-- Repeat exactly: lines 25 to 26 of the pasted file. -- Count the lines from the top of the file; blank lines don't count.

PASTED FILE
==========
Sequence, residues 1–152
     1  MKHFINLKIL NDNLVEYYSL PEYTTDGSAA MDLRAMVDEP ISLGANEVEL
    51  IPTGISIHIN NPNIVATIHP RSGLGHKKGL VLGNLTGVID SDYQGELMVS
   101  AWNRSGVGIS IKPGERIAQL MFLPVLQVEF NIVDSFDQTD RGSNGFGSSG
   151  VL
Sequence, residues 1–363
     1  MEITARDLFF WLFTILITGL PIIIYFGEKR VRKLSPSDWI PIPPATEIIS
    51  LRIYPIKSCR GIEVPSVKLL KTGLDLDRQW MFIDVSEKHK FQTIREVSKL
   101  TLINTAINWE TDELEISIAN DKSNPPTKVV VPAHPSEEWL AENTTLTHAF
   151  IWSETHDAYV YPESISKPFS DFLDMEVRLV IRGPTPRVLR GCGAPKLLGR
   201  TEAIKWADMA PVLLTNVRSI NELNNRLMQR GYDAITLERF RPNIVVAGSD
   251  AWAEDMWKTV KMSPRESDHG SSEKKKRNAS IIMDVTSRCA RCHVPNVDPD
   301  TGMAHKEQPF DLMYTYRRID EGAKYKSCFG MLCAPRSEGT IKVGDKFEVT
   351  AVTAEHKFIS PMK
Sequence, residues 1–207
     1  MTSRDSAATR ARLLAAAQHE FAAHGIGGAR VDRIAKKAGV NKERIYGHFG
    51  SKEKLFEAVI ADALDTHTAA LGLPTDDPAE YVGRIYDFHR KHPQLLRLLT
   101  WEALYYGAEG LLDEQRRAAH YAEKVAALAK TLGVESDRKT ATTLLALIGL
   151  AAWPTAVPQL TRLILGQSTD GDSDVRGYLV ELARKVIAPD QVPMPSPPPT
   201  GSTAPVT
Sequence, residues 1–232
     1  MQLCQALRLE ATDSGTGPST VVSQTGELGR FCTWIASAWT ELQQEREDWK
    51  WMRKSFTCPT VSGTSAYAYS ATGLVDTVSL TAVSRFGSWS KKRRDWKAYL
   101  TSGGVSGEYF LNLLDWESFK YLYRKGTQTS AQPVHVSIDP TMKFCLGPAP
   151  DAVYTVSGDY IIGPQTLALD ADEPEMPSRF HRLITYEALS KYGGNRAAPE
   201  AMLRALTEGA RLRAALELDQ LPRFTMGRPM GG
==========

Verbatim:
   151  DAVYTVSGDY IIGPQTLALD ADEPEMPSRF HRLITYEALS KYGGNRAAPE
   201  AMLRALTEGA RLRAALELDQ LPRFTMGRPM GG